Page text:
Claire Zlobin knows first-hand about the challenges that new moms can face after having a baby.
“I went through the baby blues really, really badly. I think a lot of it was because I moved to a new area and I didn’t have friends there. I just didn’t have that support. I was like sinking in depression,” she says.
A mere two months after her daughter was born in 2007, Zlobin decided to reach out and connect with other moms in the Thornhill area by organizing meetings where they could share their stories and experiences.
Around the same time in Richmond Hill, first-time mom Joanna Vernik started holding very similar meetings of her own. “In the beginning, it was the social aspect. I really wanted to connect with other moms to know what they are going through,” she says.
After Vernik and Zlobin crossed paths in 2008, they decided to join forces to create Life With a Baby — a support group for new and expecting mothers. By building on their initial efforts, the not-for-profit organization, which now has 500 members across all regions and has grown to encompass free information seminars, events and an online discussion board. The group helps provide access to information and resources for mothers, a service that is also available in other languages.
Life With a Baby’s main objective is for moms to feel happier and more relaxed, which benefits not only the mom but the baby as well. Through meetings and the website, the group serves as an outlet for moms to discuss a broad range of topics, like whether or not to vaccinate, and debunks any motherhood myths.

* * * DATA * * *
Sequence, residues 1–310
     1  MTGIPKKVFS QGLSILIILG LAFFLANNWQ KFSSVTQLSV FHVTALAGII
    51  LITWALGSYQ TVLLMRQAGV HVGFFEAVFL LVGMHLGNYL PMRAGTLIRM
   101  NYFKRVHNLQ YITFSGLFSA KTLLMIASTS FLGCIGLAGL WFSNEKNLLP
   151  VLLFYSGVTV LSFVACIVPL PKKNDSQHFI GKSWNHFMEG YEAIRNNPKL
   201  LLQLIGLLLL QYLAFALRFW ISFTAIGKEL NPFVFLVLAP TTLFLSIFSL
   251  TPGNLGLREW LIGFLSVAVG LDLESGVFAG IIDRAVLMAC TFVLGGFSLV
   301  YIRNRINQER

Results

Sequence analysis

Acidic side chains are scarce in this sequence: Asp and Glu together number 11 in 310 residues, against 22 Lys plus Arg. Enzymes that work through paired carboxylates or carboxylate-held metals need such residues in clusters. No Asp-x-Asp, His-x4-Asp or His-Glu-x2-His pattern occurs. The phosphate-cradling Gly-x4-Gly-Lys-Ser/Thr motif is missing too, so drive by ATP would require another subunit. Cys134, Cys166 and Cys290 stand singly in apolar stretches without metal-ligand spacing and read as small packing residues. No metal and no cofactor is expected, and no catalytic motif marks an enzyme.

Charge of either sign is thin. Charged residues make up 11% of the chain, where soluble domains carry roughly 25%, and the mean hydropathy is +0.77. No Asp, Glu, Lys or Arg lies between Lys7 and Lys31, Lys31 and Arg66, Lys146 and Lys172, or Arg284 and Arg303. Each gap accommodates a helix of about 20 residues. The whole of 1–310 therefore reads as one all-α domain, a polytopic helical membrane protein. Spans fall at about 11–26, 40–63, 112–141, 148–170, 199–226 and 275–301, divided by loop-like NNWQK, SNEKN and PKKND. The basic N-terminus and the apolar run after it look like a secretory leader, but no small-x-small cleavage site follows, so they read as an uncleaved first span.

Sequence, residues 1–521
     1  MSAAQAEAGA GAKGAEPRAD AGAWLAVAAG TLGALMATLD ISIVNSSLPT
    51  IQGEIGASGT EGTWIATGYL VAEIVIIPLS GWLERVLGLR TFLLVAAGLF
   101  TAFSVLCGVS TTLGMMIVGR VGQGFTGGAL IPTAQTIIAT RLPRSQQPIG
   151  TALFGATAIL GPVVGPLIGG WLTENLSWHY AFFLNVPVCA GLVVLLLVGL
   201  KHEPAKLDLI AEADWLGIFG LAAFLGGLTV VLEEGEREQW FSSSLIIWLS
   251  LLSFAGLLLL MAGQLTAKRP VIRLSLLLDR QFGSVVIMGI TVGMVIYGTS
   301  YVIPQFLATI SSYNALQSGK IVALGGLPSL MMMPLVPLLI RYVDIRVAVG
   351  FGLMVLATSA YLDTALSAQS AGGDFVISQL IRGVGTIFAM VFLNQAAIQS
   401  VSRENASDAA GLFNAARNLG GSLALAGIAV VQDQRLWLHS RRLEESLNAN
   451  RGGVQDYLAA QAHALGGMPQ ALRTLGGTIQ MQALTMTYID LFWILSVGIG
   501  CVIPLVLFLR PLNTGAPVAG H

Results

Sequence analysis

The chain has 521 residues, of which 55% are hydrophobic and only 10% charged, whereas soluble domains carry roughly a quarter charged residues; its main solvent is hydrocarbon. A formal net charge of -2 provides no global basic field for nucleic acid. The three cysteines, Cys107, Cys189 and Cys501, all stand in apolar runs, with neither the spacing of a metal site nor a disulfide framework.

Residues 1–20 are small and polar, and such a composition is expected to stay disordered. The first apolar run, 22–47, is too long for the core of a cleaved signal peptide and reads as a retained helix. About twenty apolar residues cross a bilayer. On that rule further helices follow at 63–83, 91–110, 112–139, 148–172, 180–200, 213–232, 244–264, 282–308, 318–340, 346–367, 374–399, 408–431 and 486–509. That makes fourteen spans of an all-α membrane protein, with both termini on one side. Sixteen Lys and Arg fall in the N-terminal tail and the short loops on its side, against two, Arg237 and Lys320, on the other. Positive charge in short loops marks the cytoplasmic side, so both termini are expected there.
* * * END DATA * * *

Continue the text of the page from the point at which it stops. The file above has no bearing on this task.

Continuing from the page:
“If you’re a mom and you’re feeling alone and isolated and sinking into depression because you have no support and no connections to other people, it’s very difficult to be a good mom because you’re not a happy mom,” Zlobin says. “There’s such a stigma, such a need to be, like, I’m the perfect mom, I can do everything, my baby is great, I look great, and everything is fine. People are nervous to say my life is normal, which is what it is.”
“I think people are very hesitant to talk about things like, ‘I let my baby cry and I feel guilty about that,’ and the balance of the husband,” Vernik adds.
New topics and discussion ideas often stem from their own experiences and from new challenges that arise as their kids grow older. For example, after she returned to work from maternity leave, Vernik began scheduling meetings for working moms. Likewise, the group has organizers that specialize in being single moms and moms with infants or toddlers.
Zlobin, who had also planned on going back to work, only recently decided to focus on Life With a Baby because she knew how much the group was needed.
“Because I went through it first-hand, maybe I see the need through a different angle. I know that if I hadn’t started this group and connected with other moms — I was actually depressed most of the time that I was doing it — nobody knows unless you talk about it,” she says.
Post City Magazines salutes Claire Zlobin and Joanna Vernik for giving new moms parenting support and education.